What is an interior designer?
Interior designers are commonly mistaken for interior decorators, the people responsible for making the interior of a building beautiful, painting the walls, and placing the art. Interior design, in fact, requires a much more broad approach to building creation. After a bachelor’s degree, practical experience, and licensing decided by state or country, they should be able to interpret a blueprint, be well-versed in safety codes, and be prepared to work as a go-between in either direction for future occupants and contractors, suppliers, and architects, all of whom they often work closely with.
Additionally, they are responsible for ensuring that the overall design of the structure meets regulations, has appropriate plumbing layout, good lighting, the right acoustics, and is made from the best materials. They must be able to look at the bare bones of a building and create a functional, comfortable, safe space based on human behavior, necessity, location, and longevity. Additionally, they have the ability to design and approve changes to the structure of an existing building.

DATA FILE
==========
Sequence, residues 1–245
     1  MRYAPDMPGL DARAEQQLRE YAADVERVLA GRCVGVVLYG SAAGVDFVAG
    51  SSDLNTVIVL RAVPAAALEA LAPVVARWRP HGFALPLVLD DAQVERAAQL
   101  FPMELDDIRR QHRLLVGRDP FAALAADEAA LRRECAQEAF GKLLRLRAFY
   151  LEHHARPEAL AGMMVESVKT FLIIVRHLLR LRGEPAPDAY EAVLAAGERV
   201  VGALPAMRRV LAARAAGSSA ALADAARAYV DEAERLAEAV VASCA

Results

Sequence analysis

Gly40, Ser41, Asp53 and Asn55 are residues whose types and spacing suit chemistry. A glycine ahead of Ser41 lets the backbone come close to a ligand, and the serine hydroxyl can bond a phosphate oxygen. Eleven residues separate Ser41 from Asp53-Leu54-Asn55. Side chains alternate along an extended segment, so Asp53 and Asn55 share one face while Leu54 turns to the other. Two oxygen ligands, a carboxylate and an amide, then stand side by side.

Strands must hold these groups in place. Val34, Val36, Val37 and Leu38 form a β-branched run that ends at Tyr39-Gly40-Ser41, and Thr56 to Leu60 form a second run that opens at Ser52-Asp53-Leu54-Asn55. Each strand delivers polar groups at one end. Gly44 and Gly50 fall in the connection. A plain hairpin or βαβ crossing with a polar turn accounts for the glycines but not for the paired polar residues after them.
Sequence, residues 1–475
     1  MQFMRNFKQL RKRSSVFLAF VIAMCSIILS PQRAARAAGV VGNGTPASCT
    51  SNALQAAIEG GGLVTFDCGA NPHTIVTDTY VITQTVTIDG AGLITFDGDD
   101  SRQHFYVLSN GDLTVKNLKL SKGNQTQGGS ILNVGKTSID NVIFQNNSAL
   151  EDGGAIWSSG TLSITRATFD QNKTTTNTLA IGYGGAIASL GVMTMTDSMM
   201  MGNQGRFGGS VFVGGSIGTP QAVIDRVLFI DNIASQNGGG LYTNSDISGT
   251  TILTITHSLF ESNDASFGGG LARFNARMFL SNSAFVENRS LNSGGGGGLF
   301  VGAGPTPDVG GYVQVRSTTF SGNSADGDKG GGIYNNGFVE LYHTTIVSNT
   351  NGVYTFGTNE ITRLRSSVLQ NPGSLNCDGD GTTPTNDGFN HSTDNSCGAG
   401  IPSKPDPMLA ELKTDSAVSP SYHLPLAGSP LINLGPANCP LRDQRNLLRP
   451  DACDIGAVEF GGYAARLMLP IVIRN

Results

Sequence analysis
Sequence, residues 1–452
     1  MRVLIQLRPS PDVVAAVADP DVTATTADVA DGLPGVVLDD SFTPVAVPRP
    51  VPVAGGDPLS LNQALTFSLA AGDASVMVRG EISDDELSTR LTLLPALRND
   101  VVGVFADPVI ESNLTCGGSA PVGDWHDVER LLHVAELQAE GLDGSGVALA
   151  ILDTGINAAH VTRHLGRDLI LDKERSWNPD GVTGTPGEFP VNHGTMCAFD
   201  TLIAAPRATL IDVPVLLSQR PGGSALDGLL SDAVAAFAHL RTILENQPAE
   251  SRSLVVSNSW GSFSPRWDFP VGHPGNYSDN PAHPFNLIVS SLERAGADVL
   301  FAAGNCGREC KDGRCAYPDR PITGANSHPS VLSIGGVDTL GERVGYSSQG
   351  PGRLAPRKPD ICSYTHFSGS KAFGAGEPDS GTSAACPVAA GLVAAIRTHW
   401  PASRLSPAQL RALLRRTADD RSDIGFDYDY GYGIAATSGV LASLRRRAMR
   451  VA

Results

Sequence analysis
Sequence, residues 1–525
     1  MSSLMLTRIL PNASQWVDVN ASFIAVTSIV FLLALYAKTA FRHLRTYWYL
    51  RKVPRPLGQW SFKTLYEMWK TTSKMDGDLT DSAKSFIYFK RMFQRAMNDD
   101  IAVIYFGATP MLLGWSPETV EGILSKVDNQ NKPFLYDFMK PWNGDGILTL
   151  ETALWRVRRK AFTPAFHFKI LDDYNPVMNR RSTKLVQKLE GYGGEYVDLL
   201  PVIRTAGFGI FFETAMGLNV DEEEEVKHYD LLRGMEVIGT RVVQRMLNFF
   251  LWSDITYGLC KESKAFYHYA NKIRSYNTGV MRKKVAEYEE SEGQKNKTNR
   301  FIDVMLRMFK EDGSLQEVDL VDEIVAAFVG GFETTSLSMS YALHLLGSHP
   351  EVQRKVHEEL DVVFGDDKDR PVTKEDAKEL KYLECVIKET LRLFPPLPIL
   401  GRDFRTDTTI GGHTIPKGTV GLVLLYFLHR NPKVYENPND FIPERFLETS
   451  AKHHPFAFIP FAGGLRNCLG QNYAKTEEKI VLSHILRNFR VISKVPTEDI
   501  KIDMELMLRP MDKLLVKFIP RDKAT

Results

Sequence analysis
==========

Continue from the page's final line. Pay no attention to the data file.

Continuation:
What is an architect?
Architects are the first step in creating any building, whether it’s home or hospital, skyscraper or school. They take an empty page and draw a building from the ground up. While architects can draw a building and hope it gets put to use, often the process is the other way around. A client finds an architect, explains what sort of building they need and what it needs to do, and then the architect plans it, using pencil and paper: each floor, door, stairwell, and column. They may turn that 2D building into a miniature 3D version before presentation, creating a miniature model of the finished product out of cardboard, plastic, or other substances.
Much like interior designers, architects continue to work closely with the other professions necessary for a standing structure. They continue to oversee the completion of their brainchild, making sure the plans are held to, as there are often very specific reasons for their choice of roof shape, size, or placement. This knowledge is garnered from a minimum of a bachelor’s degree, internship, and appropriate licensing.
What’s the difference?
The difference between interior designers and architects lies largely in the stage at which the person steps in. Although the training is different, the end goal is the same for both professions. In deciding which route to take, it’s largely a question of creating something from scratch based on a client’s requirements (or one’s own highly educated imagination), or taking what someone else has created and making it into something more. While architects turn an idea into a plan, interior designers turn a plan into a functioning, concrete structure.